• Comprehensive Coverage – Your travel trailer is like a portable home, and like your home is susceptible to more damages than just collision. Comprehensive coverage protects against non-collision damage such as fire, falling debris, vandalism, and theft.
  • Contents Coverage – You’relikely to have valuables in your trailer such as jewelry, electronics, and appliances. Contents coverage protects these items if they are damaged, lost, or stolen during an incident. However, you may not need contents coverage as these items may be covered under a comprehensive coverage policy or under your homeowner’s insurance.
  •  Campsite and Vacation Liability – While youare parked at a campsite or elsewhere, you become legally responsible for the area surrounding your trailer. If someone else were injured in your trailer or around it, campsite and vacation liability insurance would make sure that you weren’t on the hook for their medical bills.

What Factors Do I Need to Consider?

So, how do you decide what type of insurance, if any, is right for your travel trailer? Well this is where you need to consider how you’re going to use the trailer. Here’s a few things to consider.

How often will you be hauling the trailer?

If you’re going to take the trailer out on the road every weekend, then some form of collision insurance is a must. However, if the trailer is going to stay parked for long periods at a time, you may choose to rely on your existing auto insurance.

How valuable is the trailer and its contents?  

A cheap trailer presents less of a risk to you than an expensive one. If you’ve poured tens of thousands of dollars into the best travel trailer money can buy, then you want to protect that investment.

If you inherited an old beater from Uncle Larry and keep little inside it, you might be less worried about the worst-case scenario.

Will the trailer spend significant time parked at a campground or other public space?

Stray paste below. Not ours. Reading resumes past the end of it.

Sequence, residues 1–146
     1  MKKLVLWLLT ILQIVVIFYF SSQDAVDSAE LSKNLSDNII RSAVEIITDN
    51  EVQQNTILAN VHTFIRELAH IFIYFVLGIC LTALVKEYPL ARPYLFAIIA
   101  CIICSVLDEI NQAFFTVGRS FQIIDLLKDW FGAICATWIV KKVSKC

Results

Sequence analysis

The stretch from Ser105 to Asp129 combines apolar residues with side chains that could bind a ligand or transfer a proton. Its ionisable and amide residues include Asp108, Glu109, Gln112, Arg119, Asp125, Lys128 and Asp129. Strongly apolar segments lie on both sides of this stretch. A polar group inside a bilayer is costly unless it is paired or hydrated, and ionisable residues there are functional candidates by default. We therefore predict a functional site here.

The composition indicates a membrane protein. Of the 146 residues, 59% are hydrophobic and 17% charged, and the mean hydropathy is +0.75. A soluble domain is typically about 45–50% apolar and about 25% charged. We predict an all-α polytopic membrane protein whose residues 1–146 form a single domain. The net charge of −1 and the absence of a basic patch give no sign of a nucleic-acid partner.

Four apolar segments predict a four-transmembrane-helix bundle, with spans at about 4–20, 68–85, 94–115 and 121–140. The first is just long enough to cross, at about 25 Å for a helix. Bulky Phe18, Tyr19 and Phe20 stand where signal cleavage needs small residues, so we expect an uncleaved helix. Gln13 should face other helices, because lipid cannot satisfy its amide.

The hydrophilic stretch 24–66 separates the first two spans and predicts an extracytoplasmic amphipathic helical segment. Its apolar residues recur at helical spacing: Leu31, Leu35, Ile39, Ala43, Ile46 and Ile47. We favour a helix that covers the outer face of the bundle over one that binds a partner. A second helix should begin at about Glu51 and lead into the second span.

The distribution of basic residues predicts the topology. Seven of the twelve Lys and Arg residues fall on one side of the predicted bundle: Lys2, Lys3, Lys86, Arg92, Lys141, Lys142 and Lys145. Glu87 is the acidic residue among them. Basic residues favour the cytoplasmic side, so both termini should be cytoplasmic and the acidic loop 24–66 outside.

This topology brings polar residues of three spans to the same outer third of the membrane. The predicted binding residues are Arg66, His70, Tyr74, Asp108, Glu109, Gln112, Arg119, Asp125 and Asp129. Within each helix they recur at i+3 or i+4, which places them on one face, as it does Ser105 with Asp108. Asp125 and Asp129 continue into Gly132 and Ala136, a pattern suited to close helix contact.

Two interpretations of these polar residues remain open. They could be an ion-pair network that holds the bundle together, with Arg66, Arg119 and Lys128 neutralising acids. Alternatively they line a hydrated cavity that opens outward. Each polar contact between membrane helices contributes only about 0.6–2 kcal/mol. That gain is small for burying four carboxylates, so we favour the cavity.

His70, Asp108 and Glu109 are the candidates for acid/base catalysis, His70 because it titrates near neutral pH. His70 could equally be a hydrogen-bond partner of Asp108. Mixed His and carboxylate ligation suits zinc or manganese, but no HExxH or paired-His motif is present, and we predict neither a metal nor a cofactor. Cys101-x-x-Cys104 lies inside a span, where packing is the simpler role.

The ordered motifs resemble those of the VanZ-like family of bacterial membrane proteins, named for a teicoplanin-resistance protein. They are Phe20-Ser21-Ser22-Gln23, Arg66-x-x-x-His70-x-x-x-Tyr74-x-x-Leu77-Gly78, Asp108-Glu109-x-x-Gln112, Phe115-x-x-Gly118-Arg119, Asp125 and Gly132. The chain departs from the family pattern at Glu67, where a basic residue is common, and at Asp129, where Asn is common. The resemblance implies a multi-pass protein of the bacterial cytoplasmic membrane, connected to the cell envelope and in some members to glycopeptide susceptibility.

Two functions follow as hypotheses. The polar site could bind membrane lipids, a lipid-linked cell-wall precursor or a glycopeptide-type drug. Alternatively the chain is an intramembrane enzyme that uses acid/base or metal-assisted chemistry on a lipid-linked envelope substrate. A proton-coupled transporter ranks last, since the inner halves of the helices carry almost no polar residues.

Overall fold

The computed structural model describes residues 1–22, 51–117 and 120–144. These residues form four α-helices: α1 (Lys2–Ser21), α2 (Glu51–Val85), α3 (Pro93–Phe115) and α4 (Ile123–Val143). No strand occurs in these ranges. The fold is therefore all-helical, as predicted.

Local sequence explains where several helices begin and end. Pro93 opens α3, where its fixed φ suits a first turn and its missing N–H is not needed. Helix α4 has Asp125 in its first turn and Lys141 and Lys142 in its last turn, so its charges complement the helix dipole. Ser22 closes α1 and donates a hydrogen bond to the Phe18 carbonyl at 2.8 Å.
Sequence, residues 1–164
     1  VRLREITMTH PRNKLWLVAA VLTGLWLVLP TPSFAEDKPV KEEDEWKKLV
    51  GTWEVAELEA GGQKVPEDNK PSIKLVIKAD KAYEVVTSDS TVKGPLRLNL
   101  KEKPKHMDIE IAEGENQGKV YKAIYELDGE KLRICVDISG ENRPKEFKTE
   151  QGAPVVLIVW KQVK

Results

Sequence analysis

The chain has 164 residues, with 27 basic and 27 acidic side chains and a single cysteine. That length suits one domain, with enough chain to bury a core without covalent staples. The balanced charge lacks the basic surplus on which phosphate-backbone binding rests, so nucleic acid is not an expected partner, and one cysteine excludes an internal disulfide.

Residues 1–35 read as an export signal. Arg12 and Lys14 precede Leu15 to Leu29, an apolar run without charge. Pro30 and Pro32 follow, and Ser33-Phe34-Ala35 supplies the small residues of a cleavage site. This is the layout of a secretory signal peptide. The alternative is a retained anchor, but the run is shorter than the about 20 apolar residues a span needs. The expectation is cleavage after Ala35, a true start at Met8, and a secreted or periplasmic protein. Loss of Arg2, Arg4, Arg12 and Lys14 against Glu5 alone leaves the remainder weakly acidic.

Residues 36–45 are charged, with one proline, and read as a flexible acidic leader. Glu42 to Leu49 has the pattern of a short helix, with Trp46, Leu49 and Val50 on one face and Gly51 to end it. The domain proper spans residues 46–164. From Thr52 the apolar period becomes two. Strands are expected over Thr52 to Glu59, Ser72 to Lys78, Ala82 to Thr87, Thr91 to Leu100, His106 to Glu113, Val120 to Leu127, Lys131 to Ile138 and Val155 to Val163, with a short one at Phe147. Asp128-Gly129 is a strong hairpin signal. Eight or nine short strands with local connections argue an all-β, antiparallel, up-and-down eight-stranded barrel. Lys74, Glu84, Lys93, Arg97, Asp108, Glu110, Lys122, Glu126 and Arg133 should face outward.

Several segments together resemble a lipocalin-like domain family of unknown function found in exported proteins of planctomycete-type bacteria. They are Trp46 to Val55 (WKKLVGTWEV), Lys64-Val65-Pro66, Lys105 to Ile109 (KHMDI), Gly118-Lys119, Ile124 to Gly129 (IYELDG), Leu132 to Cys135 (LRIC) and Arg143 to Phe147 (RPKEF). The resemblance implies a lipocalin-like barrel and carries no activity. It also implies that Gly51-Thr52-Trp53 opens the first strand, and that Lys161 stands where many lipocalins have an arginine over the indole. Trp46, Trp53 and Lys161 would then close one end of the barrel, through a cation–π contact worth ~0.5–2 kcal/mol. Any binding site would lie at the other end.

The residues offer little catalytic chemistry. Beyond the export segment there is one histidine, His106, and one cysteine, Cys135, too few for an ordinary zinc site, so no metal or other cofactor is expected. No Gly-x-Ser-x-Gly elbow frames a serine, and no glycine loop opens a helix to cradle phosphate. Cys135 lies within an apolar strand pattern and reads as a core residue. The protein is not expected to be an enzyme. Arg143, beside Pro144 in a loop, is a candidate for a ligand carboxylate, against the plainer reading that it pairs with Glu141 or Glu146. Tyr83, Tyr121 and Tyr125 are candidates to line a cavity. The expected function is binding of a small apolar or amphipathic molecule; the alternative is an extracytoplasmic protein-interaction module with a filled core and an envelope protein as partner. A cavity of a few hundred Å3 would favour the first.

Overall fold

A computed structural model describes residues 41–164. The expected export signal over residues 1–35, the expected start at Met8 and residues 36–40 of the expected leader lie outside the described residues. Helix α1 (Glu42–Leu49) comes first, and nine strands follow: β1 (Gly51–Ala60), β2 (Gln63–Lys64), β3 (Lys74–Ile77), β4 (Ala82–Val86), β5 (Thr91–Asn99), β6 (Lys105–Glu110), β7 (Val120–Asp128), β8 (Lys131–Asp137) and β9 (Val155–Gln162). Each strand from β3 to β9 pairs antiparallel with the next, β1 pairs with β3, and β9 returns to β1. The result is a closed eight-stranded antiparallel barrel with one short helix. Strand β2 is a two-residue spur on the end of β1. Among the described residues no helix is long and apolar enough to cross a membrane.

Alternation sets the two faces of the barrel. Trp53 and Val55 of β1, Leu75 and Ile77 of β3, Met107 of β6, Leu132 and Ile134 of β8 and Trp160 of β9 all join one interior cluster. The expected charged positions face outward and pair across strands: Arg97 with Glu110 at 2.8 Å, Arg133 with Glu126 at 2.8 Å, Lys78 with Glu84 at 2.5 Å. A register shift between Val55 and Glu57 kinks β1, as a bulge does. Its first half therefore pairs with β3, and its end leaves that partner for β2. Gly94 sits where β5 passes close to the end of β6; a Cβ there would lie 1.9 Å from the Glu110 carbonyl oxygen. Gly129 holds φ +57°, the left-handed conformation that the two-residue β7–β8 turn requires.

If the trailer will sit idle at a campground, then you’ll want to think more strongly about vacation liability.

Also, consider that the trailer will be more exposed to the elements and more likely to be a target of theft. Comprehensive and content coverage both might be more attractive in this case.

How comfortable are you with the risk of financial loss associated with the trailer?

This is what it all boils down to. If you could lose the trailer and afford to replace the entire thing and all its contents and pay for any associated injuries out of pocket, then you don’t need insurance.

If the loss of the trailer would be a devastating financial or personal loss, then you should insure more heavily.

Most likely, you fall somewhere in the middle, cover your trailer to a degree that allows you to fully enjoy the freedom and the pleasure of your home away from home without worrying about the worst-case scenario.

Which Insurance Company is Best?

There are tons of insurance companies that offer up RV insurance for just about every class. Some of the most popular insurance companies that offer RV insurance include the ones below…

RV Insurance AgencyCoverage Options
Good Sam (Top Choice!). 96% overall customer satisfaction rating
Customers report average savings of $321 per year
Total-loss replacement for motorhomes and travel trailers
. Specialized coverage for full timers or first-time weekend RV’ers
. RV storage option allows you to save even more by turning off coverage when your RV is not in use! Customers report average savings of $321 per year
. Covers everything from class A motorhomes to pop-up campers
. Quote and buy online
. Speak to a professional, licensed agent
. Fully licensed, multi-line agency can quote your auto, home, boat and other insurance products
National General. Top rated C=choice: A+ BBB rating
. “Turn Off” for liability & collision during storage – Save 53%
. Cover your personal belongings or attachments
. Full-timer coverage options
Mexico insurance options
. Total Loss RV replacement
. 24-hour claims support
Progressive. Progressive Insurance – Trusted by Over 18,000,000
. Competitive rates, tons of discounts (safe driver, pay-in-full, multi-car, multi-policy, quoting online & more)
. Name your price Tool®
. Comprehensive List of RV Covered Items
. Roadside Assistance Included
. Recreational Vehicles, Trailers & Fifth Wheels

Recommended reading

How Much Does Class A RV Insurance Cost? The Complete Buyers’ Guide

4 Reasons RV Insurance Is Expensive [Must-Read]

How Much is it to Buy Back a Totaled RV From Insurance?

Mike Gilmour

Hi, I'm Mike, co-founder, and editor of RV and Playa. My passion is traveling (with my RV) and enjoying the day at the beach (Playa)! Well, I originally created this blog as a way to share what I've learned by experimenting with the RV lifestyle, and I want to help others develop in life through new skills and opportunities.